Last week, I led a seminar on Virgil’s Aeneid with first-year college students. The second half of the epic is a tumult of battle scenes, corpses piling up with unfamiliar Latin names that are often brought to the reader’s attention only in the moment of death. A brief and bloody introduction. To raise the emotional stakes of this carnage, Virgil includes evocative details that humanize the dying warrior, details that place him (or her) in a web of familial connection. Here’s one of many examples:
The Fates bind up the last thread of Lausus’ life
as Aeneas drives his tempered sword through the youth,
plunging it home hilt-deep. The point impaled his shield,
a flimsy defense for the youngster’s brash threats,
and the shirt his mother wove him of soft gold mesh
and his lap filled with blood, and then his life
slipped through the air, sorrowing down to the shades
and left his corpse behind. (Book X, lines 963-70)
I read these lines while sequestered in my office, discreetly pumping breastmilk into plastic bottles to ferry home to my six month-old. This image of the golden shirt woven with a mother’s tender, careful attention pierced me. The shirt was made to adorn and protect the precious body of her son—a body she uniquely knew and loved, because he was knit together under her heart and nestled against her skin for sustenance and comfort upon his entry into the world.
I know this wordless communion, this silent song of symbiosis that makes known the value of the human being, a value not contingent upon strength, intelligence, or self-reliance – but an infinite, unassailable worth. I know this not through rational argument, but through the very language of the body: the infant body that speaks hunger and need, and the maternal body that responds with milk that satiates and gives life. I know that invisible cocoon that encloses mother and child together, in which time and self momentarily disappear. A taste of the beatific vision, perhaps.
Virgil knows what he’s doing by bringing in the mother. Through her, the body he describes becomes precious and sacred – precisely in the moment that body is being cut apart. Each corpse on the page, no matter how insignificant, becomes a tragedy.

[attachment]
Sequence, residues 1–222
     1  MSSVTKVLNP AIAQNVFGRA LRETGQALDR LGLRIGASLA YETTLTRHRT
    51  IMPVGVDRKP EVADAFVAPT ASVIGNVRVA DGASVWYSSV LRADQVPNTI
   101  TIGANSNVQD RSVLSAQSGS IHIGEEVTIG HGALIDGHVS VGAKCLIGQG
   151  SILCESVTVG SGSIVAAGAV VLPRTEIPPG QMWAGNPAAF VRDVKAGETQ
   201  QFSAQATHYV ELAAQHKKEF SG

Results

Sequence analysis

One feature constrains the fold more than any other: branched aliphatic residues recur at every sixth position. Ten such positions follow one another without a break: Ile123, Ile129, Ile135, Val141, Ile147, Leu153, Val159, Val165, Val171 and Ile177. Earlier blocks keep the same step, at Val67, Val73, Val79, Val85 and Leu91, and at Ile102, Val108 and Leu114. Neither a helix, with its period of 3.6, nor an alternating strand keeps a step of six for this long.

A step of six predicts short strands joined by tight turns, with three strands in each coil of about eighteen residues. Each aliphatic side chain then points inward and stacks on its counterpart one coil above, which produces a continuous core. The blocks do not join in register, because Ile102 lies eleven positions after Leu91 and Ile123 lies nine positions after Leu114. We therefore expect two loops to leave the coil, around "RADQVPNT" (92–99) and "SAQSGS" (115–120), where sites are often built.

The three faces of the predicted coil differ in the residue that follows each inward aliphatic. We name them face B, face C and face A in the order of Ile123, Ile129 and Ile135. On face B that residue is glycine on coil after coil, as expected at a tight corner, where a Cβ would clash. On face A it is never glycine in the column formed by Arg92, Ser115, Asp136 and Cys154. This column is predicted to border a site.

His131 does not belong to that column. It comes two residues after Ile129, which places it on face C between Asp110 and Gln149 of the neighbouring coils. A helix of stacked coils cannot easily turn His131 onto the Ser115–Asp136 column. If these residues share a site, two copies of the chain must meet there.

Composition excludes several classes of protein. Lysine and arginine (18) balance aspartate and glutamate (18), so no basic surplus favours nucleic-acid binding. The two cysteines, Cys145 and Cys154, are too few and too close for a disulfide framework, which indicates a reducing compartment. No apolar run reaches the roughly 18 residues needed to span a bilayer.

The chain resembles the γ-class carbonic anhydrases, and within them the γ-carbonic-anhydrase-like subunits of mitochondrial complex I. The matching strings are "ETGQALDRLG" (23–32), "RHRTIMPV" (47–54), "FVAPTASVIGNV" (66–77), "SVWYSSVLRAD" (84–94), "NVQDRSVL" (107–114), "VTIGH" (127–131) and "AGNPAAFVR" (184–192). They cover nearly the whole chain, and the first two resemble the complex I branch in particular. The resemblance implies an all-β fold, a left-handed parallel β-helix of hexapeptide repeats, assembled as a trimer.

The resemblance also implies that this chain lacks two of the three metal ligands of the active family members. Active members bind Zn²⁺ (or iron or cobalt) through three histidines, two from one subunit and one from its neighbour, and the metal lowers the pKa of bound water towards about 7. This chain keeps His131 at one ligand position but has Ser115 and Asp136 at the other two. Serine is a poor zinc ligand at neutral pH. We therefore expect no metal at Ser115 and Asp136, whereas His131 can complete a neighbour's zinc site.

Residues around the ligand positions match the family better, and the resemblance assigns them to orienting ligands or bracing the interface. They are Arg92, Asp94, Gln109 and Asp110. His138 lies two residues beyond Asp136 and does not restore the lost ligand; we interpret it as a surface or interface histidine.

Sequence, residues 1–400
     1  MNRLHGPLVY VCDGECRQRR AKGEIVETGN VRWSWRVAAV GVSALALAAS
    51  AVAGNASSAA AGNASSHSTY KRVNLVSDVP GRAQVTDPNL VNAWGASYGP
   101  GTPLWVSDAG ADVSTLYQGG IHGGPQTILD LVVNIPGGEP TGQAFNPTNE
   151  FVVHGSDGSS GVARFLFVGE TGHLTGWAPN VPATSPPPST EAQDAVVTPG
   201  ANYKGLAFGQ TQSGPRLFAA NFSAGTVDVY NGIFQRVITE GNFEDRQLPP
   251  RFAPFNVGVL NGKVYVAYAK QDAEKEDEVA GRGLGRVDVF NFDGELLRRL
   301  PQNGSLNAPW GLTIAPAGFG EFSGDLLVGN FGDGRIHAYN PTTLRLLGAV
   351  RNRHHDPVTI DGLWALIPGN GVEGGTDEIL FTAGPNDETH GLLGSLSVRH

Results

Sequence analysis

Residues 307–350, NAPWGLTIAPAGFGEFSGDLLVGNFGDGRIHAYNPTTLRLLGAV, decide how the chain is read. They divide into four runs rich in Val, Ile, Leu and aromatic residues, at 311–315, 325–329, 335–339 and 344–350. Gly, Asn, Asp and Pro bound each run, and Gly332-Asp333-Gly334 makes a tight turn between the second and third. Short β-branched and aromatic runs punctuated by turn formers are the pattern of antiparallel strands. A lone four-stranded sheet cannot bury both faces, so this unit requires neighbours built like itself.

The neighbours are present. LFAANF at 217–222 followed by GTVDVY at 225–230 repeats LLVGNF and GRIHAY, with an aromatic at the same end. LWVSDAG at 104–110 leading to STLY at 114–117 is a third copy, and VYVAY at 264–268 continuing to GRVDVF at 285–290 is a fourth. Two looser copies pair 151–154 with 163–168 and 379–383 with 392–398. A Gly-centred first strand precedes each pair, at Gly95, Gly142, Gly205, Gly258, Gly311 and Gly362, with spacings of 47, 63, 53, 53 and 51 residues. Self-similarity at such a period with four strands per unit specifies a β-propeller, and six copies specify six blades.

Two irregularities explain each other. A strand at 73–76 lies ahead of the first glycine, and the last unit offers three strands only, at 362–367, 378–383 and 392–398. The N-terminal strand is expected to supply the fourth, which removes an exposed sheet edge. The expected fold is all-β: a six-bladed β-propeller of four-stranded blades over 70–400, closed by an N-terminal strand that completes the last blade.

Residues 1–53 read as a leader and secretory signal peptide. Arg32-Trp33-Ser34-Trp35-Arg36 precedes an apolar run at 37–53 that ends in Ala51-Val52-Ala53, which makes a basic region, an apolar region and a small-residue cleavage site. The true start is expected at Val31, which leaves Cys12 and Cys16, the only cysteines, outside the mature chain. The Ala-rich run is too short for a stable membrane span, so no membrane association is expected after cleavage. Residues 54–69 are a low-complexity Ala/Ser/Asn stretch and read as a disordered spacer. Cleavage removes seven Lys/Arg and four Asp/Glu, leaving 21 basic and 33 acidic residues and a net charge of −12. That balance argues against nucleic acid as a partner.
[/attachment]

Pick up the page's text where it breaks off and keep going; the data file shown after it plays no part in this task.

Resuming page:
Being a nursing mother changes the way I consume stories. I have found that when I’m lactating, I become acutely sensitive to human need and pain and death, as if the usual armor that cushions me from other people has been stripped away. In the months after the birth of each of my babies, I lose my love for horror films and The Walking Dead, genres that wreak bodily havoc. If I watch Game of Thrones, it’s with one eye closed. Because the human body, every body, seems sacred.
This is the epiphany that strikes at the end of “A Good Man is Hard to Find,” a short story by Flannery O’Connor. In the final scene, the protagonist—a self-absorbed, petty, and mildly racist grandmother—looks into the face of the escaped convict who has just killed her family and sees him anew:
…the grandmother’s head cleared for an instant. She saw the man’s face twisted close to her own as if he were going to cry and she murmured, “Why you’re one of my babies. You’re one of my own children!” She reached out and touched him on the shoulder. The Misfit sprang back as if a snake had bitten him and shot her three times through the chest.
That’s where lactation takes me. Each person, even if fictional, is a potential son or daughter. The adult body becomes a mirage, behind which I can discern the infant form, the nursling in need. And this is a kind of grace, one of the many graces I’ve experienced moving through the world as a female body. Because the nursing mother lens is the Christian way of seeing: each human soul caught in the light of primal compassion, of radiant mother love.